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Talent Manager

The Real Poop

You don't want to act yourself—goodness no. You just love actors—you appreciate that warm, open, genuine way they have about them—and you want to be surrounded by them every minute of every day. Sure. That's your story and you’re stickin' to it.

If you're a talent manager, chances are that you either tried and failed to make it as an actor yourself, or otherwise worked your way into the business, made some connections, and realized you might be able to make a pretty penny representing the owners of those obnoxious egos you encounter on a daily basis. There's nothing wrong with babysitting these adults—there's the allure of a lot of money in Hollywood, and there are much safer routes to financial independence than trying to eke your way into a small role in the next Miramax picture, that's for sure.

But what in the world does a talent manager do? Well, they don't generally spend their time trying to help find actors work—that’s the agent's job. A manager is more of an actor's second mother—guiding them through the steps of pursuing their acting career, overseeing their daily affairs, and providing counsel whenever needed, on matters personal or professional. Depending on how far they want to go, they may also tuck the talent in at night and read them a bedtime story. Even if that bedtime story is the script for a hot new rom-com.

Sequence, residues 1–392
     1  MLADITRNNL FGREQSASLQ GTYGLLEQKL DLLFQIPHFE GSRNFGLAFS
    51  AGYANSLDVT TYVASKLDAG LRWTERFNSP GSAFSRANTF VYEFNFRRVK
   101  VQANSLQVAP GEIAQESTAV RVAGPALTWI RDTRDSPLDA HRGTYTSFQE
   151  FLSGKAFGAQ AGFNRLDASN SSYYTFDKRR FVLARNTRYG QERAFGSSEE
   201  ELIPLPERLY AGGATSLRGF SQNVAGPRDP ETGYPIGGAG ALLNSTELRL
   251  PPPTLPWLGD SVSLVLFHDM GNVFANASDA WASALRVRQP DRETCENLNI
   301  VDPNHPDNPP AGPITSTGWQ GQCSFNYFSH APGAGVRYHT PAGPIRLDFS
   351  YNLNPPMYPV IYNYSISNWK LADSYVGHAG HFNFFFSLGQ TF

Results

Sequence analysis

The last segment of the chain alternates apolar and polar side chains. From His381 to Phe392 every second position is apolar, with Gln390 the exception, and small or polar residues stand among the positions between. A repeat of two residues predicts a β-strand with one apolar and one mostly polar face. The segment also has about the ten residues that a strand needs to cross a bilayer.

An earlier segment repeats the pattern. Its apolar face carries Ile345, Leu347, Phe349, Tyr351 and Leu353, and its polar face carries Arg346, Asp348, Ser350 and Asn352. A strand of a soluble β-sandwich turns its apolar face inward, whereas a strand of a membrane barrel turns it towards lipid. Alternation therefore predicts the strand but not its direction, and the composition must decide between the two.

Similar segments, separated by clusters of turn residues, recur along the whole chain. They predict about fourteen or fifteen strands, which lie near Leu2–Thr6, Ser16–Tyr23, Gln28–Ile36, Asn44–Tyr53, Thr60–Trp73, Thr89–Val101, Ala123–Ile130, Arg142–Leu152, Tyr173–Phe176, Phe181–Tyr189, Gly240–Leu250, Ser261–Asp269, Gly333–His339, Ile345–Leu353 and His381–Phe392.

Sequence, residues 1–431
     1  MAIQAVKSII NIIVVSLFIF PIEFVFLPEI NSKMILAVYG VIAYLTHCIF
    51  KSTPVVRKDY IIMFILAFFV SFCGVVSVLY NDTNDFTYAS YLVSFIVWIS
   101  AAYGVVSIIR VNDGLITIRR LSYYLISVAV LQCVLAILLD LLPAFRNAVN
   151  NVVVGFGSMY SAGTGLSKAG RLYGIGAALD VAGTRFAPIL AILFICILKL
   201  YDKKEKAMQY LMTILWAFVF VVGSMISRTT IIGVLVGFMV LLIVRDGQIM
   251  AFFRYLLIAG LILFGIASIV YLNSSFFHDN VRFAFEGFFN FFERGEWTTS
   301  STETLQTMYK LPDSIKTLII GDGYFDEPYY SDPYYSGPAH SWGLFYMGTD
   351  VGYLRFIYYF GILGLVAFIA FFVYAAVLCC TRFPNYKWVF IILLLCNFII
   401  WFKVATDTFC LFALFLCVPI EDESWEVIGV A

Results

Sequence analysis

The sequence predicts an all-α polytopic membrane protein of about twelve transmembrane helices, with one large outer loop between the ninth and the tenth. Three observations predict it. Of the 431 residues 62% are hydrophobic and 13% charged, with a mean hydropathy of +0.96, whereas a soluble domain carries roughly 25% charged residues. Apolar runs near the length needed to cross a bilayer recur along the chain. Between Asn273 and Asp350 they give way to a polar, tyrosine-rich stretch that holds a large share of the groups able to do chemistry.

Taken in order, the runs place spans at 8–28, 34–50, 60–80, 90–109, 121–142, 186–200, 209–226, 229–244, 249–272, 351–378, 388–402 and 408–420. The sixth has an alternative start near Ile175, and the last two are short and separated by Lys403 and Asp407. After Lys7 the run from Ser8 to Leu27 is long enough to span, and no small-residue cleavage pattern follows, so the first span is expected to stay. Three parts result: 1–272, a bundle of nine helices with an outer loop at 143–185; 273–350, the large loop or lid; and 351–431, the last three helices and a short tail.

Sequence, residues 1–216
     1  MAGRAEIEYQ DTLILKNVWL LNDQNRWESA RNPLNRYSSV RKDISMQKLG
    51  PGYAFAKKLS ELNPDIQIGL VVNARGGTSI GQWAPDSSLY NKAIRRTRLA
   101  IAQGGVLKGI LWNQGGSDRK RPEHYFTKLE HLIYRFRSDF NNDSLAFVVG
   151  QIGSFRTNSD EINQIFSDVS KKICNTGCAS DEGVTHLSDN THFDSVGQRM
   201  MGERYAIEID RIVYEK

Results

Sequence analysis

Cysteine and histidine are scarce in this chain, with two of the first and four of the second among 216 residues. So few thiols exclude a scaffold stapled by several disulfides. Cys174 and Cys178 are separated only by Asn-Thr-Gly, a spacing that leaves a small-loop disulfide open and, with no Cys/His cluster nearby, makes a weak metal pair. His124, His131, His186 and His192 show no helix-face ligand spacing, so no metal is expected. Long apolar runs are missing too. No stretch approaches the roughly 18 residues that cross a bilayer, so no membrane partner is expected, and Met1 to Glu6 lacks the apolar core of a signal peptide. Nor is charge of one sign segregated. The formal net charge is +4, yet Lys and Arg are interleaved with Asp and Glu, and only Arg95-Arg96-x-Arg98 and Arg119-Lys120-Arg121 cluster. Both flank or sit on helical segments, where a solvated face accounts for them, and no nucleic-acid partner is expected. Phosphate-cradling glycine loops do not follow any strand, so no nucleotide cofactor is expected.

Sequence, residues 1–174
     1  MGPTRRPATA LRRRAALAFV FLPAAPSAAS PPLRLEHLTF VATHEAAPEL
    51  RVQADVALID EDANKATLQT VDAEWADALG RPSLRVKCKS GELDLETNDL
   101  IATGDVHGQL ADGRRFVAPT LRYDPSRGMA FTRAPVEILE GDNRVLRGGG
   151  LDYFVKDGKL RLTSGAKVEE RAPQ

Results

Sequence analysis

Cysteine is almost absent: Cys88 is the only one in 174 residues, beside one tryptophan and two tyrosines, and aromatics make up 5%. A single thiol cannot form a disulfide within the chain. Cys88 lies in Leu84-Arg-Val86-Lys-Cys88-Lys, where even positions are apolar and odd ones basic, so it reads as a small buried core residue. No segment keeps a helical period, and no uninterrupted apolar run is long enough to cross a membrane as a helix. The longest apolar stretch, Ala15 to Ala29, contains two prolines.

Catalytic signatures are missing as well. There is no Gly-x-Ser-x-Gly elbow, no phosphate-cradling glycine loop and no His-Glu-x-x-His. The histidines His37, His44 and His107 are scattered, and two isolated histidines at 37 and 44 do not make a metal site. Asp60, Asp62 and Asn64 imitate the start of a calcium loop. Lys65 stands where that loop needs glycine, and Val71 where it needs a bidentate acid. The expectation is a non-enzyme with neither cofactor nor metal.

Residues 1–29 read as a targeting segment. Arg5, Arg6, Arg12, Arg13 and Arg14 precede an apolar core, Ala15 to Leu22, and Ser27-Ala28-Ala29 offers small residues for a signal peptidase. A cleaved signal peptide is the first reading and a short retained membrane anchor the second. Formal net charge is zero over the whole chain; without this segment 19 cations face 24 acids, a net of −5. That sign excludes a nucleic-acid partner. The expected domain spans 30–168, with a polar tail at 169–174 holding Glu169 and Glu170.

So what's the day-to-day for a manager like? If you've got a troubled client—say, some drugged out former child star who needs your guidance—maybe you drive him to rehab. Or you're his one phone call and you have to go bail him out of prison (that's okay—he'll pay you back later). When he's ready to talk, you're there for him. You invite him into your home, get him something to drink (non-alcoholic), let him bare his soul to you. Then you take an active role in setting him straight. Hook him up with a great acting class that can help him rediscover his love of acting. Push him into yoga—it's done wonders for you.

Or you may have a client who needs less hand-holding but takes up even more of your time. What if your client is Meryl Streep? Now your job is less about making her feel emotionally secure and more about handling the zillion things she's got her hands in. You set up a signing for her new autobiography. Arrange for an interview. Accompany her to a premiere. Help her sort out her finances or start a budget. You know what an extravagant, reckless spender Meryl is.

Your success, of course, depends on whom you manage. You’re taking a cut of whatever they make, so the better they're doing, the better you’re doing. The potential is good to make quite a nice salary just by riding the coattails of your clients. In fact, if your clients are wearing coattails in the first place, you're probably doing quite well.

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